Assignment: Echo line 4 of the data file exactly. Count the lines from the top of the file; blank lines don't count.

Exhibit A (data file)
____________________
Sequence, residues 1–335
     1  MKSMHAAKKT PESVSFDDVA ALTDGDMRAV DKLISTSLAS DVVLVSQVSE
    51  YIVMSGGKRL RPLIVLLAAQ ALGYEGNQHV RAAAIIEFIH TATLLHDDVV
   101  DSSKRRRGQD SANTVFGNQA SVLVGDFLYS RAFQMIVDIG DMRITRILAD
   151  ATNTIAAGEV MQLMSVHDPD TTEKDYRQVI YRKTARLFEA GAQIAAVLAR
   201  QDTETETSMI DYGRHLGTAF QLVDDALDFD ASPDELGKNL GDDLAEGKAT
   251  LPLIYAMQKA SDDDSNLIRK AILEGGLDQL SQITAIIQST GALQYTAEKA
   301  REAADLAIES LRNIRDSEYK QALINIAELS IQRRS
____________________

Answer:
   101  DSSKRRRGQD SANTVFGNQA SVLVGDFLYS RAFQMIVDIG DMRITRILAD